France’s Silent Tea Revolution (BBC News) When I worked in Washington, D.C., I had a French roommate. When her mother came to visit, we used to make sure we were well-equipped with Lapsang Souchong tea, her morning drink of choice. Up until this particular point in time, I thought the French were more of a coffee-oriented people, but I learned that wasn’t the case. Ever-resourceful, my roommate would brew mint leaves from our backyard for a mid-afternoon restorative. And, we’d go tea-shopping in Chinatown even when her mother wasn’t coming to town. So I enjoyed this story about how tea culture is strengthening in the hexagon, between the delicate and refined French blends and wonderful tea salons that dot the City of Light. What you find is that tea has been in France longer than it has been in Great Britain. The reason why more people associate it with Brits is because it was a popular drink instead of a drink for a wealthy few, as it was in France. News that coffee was bad for you changed all that, and more of the French began looking for a replacement. They rediscovered tea and, as you might figure, began putting their own Gallic twist on it, pairing it with cheeses, among other things.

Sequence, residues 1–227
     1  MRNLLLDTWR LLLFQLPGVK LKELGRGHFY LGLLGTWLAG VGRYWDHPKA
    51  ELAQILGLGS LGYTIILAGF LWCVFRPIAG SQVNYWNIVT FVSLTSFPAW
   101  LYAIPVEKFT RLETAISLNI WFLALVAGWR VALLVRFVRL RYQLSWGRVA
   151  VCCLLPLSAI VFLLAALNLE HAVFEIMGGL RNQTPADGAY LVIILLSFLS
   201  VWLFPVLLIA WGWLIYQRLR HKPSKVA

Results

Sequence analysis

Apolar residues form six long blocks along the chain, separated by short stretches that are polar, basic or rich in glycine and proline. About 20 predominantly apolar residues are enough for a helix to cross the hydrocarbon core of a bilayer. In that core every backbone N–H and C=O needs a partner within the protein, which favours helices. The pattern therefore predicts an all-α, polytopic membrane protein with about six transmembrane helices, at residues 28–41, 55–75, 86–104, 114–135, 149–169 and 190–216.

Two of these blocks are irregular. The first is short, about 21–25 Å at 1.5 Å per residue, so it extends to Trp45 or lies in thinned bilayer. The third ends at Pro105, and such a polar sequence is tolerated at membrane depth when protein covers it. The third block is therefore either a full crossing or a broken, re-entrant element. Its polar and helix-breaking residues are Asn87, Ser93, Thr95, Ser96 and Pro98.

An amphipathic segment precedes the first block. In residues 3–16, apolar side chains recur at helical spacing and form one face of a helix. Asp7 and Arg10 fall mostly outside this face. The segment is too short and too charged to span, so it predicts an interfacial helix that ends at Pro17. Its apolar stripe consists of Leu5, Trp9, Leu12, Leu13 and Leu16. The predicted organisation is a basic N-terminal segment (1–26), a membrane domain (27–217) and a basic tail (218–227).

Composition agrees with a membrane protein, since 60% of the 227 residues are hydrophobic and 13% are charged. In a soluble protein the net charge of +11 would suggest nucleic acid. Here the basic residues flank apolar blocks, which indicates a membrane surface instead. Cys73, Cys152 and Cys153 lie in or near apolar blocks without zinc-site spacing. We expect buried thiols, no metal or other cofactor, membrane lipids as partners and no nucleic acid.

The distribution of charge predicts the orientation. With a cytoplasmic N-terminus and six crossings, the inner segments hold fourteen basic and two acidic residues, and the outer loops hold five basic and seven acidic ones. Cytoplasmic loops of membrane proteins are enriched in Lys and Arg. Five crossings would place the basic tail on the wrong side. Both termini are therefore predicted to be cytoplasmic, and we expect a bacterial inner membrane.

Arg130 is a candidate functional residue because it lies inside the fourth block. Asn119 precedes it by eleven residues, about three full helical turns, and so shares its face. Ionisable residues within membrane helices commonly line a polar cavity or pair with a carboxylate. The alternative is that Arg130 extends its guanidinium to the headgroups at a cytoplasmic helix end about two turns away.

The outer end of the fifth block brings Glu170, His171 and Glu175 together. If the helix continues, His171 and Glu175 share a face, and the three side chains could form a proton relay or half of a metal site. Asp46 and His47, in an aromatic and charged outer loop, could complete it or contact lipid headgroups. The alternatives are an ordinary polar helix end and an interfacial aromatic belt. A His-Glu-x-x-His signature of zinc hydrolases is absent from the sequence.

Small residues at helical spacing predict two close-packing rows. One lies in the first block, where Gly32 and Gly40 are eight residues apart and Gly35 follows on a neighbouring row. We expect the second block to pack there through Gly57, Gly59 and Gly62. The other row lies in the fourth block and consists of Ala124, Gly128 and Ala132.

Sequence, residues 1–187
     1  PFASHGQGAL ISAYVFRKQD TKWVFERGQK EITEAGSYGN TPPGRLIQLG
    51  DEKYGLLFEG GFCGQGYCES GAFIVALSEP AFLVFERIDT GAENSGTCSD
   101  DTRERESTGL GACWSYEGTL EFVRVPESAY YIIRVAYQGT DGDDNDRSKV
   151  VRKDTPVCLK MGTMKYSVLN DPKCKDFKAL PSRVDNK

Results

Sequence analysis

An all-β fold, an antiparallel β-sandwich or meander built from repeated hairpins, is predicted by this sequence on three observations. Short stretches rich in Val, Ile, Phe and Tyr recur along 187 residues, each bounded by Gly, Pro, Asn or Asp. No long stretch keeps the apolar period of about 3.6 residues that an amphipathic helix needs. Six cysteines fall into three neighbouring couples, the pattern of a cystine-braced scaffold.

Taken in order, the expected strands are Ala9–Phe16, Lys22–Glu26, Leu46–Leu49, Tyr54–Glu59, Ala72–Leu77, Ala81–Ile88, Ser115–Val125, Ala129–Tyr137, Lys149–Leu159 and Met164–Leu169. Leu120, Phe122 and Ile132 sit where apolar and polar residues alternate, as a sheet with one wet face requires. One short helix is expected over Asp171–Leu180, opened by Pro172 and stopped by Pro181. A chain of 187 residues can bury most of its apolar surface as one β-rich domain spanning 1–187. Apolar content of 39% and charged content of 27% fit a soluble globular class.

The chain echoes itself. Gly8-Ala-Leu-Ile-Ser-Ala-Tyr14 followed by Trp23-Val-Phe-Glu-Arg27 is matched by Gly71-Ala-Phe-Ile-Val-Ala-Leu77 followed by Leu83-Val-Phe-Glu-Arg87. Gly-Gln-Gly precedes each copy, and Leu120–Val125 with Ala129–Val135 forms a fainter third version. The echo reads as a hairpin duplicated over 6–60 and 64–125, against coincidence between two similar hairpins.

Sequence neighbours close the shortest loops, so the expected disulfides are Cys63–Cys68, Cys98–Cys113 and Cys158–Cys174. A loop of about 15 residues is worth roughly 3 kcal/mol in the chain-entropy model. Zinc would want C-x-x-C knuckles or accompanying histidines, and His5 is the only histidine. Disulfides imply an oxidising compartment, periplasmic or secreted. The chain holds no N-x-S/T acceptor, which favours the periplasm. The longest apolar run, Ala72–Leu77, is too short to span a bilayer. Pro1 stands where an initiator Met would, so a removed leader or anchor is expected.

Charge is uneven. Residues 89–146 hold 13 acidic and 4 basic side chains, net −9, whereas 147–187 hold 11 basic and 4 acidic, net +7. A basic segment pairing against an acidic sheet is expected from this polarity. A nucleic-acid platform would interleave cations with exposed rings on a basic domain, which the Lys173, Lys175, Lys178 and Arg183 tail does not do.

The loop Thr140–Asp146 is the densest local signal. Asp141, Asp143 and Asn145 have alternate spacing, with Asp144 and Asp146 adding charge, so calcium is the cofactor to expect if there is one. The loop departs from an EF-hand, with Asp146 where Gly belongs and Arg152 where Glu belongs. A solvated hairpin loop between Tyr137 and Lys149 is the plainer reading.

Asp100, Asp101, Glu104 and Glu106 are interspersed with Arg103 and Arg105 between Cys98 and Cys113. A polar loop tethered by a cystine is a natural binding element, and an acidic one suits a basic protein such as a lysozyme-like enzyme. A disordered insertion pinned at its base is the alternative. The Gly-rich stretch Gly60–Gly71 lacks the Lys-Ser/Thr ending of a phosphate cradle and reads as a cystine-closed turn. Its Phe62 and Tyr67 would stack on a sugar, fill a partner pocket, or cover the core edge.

Paris’s Haut Marais: From Shabby to Chic (WSJ.com) When I was in Paris finishing my thesis research a couple of years ago, I rented an apartment in the Marais. My first favorite memory of staying in that neighborhood was walking to picture-perfect Jacques Genin, buying a finger-sized eclair and almost weeping when I sunk my teeth into that first, perfectly creamy bite. My second favorite memory: Discovering the Repetto store on Rue des Francs Bourgeois. The Wall Street Journal looks at how real estate prices are skyrocketing in this part of town, once ground zero for the French nobility. “Five years ago nobody wanted to be here,” says Nicolas Wibaux, a Marais-based agent for Paris real-estate firm Daniel Féau. “Now everybody wants to be here.” In the past five years, the average Paris apartment has increased by about 25%, to $1,056 a square foot. In prime areas of Haut Marais, prices in the same period jumped by 35.2% to 41.2%, reaching as high as $1,535 a square foot.